tensile strength and flexural strength was 0.5%. From the above conclusions, it can be stated that the flexural strength is highly affected due to mixing of synthetic fibers as compared

D. Workability:

% of fiber

to compressive and tensile strength as the amount of fiber increases in the concrete the tensile strength of the concrete mix decreases after the maximum value due to splitting of

With the increase in the amount of fiber content, workability of concrete get demoted. During the casting it was observed that concrete with less amount of fiber proved to be more workable than that with higher amount of fiber.

V. OPTIMUM FIBER CONTENT

This section focused on the experimental results obtained from each test and analysis of the test results. The experimental tests were carried out to obtain the mechanical properties and behavior of polymer fiber reinforced concrete. The comparisons of mechanical properties and behavior include the workability, compressive strength, tensile strength, flexural strength. Effect of increase in polypropylene fiber percentage by volume of cement was studied. Observation for 28 days curing was recorded and presented in the form of tables and graph. The compressive strength, flexural strength and tensile strength graph were

concrete.

  1. Recommendation:

    This study provides the following recommendations for the use of synthetic fiber in SFRC construction:

    1. Since plastics lose their tensile properties at 150°C, it is recommended that synthetic fiber reinforcement be used in applications where the maximum ambient temperature is limited to the range of 100°C to 150 °C.

    2. Synthetic fiber reinforcement to be used in concrete that will be subjected to prolonged conditions of high humidity should be composed of alkali-resistant synthetic fibers such as polypropylene or polyethylene.

    3. Synthetic fibers should be used to prevent plastic shrinking cracking in placements susceptible to this condition.

    4. Research should be continued to develop the uses for synthetic fiber-reinforcing material in concrete, especially in

      the use of higher contents of synthetic fibers to prevent drying shrinking cracking, and in the susceptibility of synthetic fiber reinforcement to alkaline hydrolysis and consequent reduction in service life of synthetic fiber- reinforced concrete.

    5. Larger percentages beyond 1.0% of fiber contents should be avoided to maintain the workability or use the appropriate admixtures.

REFERENCES

[1] Colin D. Johnston, Fiber reinforced cements and concretes Advances in concrete technology volume 3 Gordon and Breach Science publishes 2001.

[2] Perumalsamy N. Balaguru, Sarendra P. Shah, Fiber reinforced cement composites, Mc Graw Hill International Editions 1992.

[3] Arnon Bentur & Sidney Mindess, Fiber reinforced cementitious composites Elsevier applied science London and Newyork 1990.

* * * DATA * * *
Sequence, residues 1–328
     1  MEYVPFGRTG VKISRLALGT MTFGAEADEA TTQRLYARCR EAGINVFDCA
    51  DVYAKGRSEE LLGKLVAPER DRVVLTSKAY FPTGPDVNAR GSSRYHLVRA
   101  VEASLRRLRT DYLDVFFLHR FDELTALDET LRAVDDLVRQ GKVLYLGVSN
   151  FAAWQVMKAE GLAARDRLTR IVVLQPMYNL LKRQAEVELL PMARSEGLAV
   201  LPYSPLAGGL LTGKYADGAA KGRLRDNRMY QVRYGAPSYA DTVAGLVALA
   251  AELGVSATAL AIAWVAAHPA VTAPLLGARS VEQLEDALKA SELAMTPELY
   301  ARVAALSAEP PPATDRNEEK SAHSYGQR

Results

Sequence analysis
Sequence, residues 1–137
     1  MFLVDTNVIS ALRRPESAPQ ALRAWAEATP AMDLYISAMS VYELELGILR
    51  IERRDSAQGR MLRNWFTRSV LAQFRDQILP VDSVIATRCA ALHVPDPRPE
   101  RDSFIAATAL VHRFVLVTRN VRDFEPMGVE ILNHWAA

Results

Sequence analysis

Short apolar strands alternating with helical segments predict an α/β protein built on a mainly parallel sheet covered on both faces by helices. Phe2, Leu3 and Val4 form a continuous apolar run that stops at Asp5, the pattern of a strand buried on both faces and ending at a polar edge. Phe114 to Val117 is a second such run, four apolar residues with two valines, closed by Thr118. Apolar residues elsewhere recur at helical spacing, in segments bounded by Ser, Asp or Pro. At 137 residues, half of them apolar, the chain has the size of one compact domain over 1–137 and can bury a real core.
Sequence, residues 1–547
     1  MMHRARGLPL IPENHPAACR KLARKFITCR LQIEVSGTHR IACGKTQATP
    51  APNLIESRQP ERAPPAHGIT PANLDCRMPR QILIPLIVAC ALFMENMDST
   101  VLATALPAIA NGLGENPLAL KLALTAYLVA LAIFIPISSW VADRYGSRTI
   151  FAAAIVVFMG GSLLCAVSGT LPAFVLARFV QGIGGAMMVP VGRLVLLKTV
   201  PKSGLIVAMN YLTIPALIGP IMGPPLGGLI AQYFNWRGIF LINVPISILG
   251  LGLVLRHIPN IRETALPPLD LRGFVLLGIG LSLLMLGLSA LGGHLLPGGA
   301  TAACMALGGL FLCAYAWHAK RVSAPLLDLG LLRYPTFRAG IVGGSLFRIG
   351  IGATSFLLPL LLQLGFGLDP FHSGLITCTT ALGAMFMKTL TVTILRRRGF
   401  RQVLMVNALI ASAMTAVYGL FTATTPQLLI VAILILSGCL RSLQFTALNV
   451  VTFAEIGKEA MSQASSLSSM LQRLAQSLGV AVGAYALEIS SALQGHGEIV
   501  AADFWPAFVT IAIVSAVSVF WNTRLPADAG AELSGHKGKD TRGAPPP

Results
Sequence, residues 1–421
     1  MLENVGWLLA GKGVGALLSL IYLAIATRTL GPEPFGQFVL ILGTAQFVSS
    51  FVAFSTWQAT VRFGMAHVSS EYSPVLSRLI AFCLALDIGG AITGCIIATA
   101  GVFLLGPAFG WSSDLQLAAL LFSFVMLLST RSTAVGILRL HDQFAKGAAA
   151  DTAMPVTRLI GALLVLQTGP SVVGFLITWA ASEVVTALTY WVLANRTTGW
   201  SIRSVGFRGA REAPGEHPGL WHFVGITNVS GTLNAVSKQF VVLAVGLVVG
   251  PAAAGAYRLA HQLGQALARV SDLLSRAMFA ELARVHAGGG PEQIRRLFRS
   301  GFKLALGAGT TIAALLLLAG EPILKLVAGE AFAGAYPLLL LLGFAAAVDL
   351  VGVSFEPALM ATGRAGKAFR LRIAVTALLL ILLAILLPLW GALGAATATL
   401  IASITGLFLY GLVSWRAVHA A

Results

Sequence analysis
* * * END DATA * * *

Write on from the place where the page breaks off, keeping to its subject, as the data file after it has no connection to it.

[4] ASTM C1018 89, Standard Test Method for Flexural Toughness and First Crack Strength of Fiber Reinforced Concrete (Using Beam with Third Point Loading),1991 Book of ASTM Standards, Part 04.02, American Society for Testing and Materials, Philadelphia, pp.507 513.

[5] JCI Standards for Test Methods of Fiber Reinforced Concrete, Method of Test for Flexural Strength and Flexural Toughness of Fiber Reinforced Concrete (Standard SF4), Japan Concrete Institute, 1983, pp. 45 51.

[6] ACI committee, State – of – the art report in fiber reinforced concrete ACI 554 IR 82 Detroit Mechigan 1982.

[7] C.H. Henager, Steel fibrous shot crete. A summary of the State of the art concrete: Design and construction 1981.

[8] J.Endgington, D.J. Hannant & R.I.T. Williams, Steel fiber reinforced concrete Current paper CP 69/74 Building research establishment Garston Watford 1974.

[9] C.D. Johnston, Steel fiber reinforced mortar and concrete, a review of mechanical properties. In fiber reinforced concrete ACI SP 44 Detroit 1974.

[10] C.D. Johnston, Definition and measurement of flexural toughness parameters for fiber reinforced concrete Cem. Concr. Agg. 1982.

[11] ASTM C 101 8-89, "Standard Test Method for Flexural and First crack Strength of Fiber Reinforced Concrete (Using Beam)Fiber mesh Job Report. Office/Warehouse Slab Protection, Technical Information (Fiber mesh Company, October 1987).

[12] Kraai, P.P., "A Proposed Test to Determine the Cracking Potential Due to Drying Shrinkage of Concrete," in Concrete Construction (September 1985), pp 775-778.

[13] Nagabhushanam, M. V. Ramakrishnan, and C. Vondran. "Fatigue Strength of Fibrillated Polypropylene Fiber Reinforced Concrete," Paper presented at a Transportation Research Board Meeting (Washington, DC, 1989).

[14] Simpson, M.M., "Polypropylene Fiber Reinforced Concrete," Paper presented to the Structural Engineers Conference (1988).